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When an R&B star vows to build a futuristic city in your backyard

(@obadelekambon)
Most BlackNificent Kmty! Admin

When an R&B star vows to build a futuristic city in your backyard

 
 
 

January 28, 2021

Akon City is a labyrinth of gleaming metal and glass, with miles of palm-lined roads. Undulating rose-gold towers reach up toward the sky, their vast windows and curves reflecting the sea in front of them.

At least, that’s how the city looks in architects’ sketches. The Senegalese “smart city,” the brainchild of Senegalese American singer Akon, hasn’t yet been built. For now, the land is still the sleepy coastal town of Mbodiène, home to mostly fishers and farmers. 

WHY WE WROTE THIS

 

Akon City has been compared to Wakanda: the fictional city in “Black Panther” that captured imaginations, giving a much-needed revamp to images of Africa. But Akon City’s no symbol. Its success or failure will have real consequences – and for no one more than the people next door.

 

Akon has called the city a refuge for the African diaspora, and a boost for local communities. Journalists have compared it to Wakanda in the blockbuster “Black Panther.” Others deride the project as an unrealistic stunt, or a boon for only the wealthy. But how about Akon’s neighbors in Mbodiène? What do they make of living in the shadow of such an experiment?

“Never have we had a project this big, that not only Senegal is talking about but Africa and the world,” says Joachim Jean-Marc Diouf, a leader of Mbodiène’s youth association. But “we are staying calm,” he says. “With such a huge project like a futuristic city, it is only fitting that a futuristic village is beside it.”

There’s a deep quality to the stillness in Mbodiène. In the middle of this small coastal town stand two mighty kapok trees, their spreading branches casting shade over the square. Dusty pathways lead off the square to single-story cement homes – there are no tarred roads here.

On a recent afternoon, a bell rings and a kindergarten spews out a dozen or so kids into the square. Across the field, their excited chatter is barely audible, the trees seeming to absorb all sounds.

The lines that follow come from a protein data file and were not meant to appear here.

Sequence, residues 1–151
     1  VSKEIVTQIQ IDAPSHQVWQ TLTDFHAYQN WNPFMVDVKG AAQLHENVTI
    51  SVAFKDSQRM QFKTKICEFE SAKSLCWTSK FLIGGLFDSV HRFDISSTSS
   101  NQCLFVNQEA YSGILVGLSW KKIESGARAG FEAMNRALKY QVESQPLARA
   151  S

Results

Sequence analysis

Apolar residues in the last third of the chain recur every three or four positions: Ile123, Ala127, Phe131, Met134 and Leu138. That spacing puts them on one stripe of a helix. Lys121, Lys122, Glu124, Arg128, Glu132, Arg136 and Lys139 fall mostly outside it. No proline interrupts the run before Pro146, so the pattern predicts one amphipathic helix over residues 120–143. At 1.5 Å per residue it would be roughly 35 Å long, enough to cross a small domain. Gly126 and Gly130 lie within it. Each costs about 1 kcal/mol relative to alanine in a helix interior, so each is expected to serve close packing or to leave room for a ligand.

Home to mostly fishers and farmers, known only for bird-watching, Mbodiène has always been quiet. But a massive project spearheaded by Senegalese American singer Akon could soon change that. Humble Mbodiène has been picked as the site of Akon City, a futuristic “smart city” projected to cost billions and take a decade to complete.

WHY WE WROTE THIS

 

Akon City has been compared to Wakanda: the fictional city in “Black Panther” that captured imaginations, giving a much-needed revamp to images of Africa. But Akon City’s no symbol. Its success or failure will have real consequences – and for no one more than the people next door.

 

In architects’ sketches, the unbuilt Senegalese city is a labyrinth of warped metal and glass, with miles of palm-lined roads – a scene from science fiction. Undulating rose-gold towers reach up toward the sky, their vast windows and curves reflecting the sea in front of them. And onto that backdrop, observers near and far have projected all sorts of visions, long before a single building goes up. 

The singer has called his city a refuge for the African diaspora, and “the beginning of Africa’s future”. He says it will boost Senegal’s economy and attract other foreign investments, including in tourism. Journalists have compared it to Wakanda in the blockbuster “Black Panther.” Others deride the project as an unrealistic stunt.

Pedro Nunes/Reuters/File
Akon, an R&B artist and chairman and co-founder of Akoin, speaks at the Web Summit in Lisbon, Portugal, Nov. 6, 2019. The artist has announced plans for a futuristic Akon City to be built in Mbodiène, Senegal.

But how about Akon’s neighbors in Mbodiène? How will they benefit from the experiment next door?

 

“Never have we had a project this big, that not only Senegal is talking about but Africa and the world,” says 30-year-old Joachim Jean-Marc Diouf, a leader of Mbodiène’s youth association.

Like many young people in Mbodiène, Mr. Diouf was born here but had to leave for secondary and college training. The closest universities and hospitals are in Mbour or the capital Dakar, both at least an hour away. It is one reason why many here eagerly await Akon City, which would have a school and a hospital offering free care to locals.

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Akon’s ambition

Aliaune Damala Badara Akon Thiam was born in the U.S., but spent much of his childhood in Senegal before moving to New Jersey at age 11. In recent years, the R&B artist has added philanthropy to his portfolio, including a youth empowerment organization in Senegal, and a solar-energy nonprofit that operates across the continent.

He first announced Akon City in 2018, in a shock to Mbodiène’s 6,000-strong population. It will be the first of many smart cities in Africa, Akon has said, built in part for the Black diaspora.